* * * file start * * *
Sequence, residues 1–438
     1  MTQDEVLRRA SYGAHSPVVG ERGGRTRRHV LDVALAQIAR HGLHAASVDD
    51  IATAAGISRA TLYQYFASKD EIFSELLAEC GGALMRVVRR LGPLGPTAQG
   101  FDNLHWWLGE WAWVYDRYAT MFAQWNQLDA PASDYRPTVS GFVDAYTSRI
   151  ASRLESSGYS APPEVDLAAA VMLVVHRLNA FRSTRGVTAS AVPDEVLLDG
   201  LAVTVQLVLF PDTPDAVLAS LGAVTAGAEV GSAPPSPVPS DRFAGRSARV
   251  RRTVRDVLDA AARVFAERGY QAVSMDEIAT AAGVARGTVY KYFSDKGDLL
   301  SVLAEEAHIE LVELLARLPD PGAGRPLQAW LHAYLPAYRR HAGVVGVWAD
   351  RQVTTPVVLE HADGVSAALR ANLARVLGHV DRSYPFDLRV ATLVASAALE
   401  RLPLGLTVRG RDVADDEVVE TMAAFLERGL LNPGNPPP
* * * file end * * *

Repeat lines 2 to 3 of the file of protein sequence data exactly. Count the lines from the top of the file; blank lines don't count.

     1  MTQDEVLRRA SYGAHSPVVG ERGGRTRRHV LDVALAQIAR HGLHAASVDD
    51  IATAAGISRA TLYQYFASKD EIFSELLAEC GGALMRVVRR LGPLGPTAQG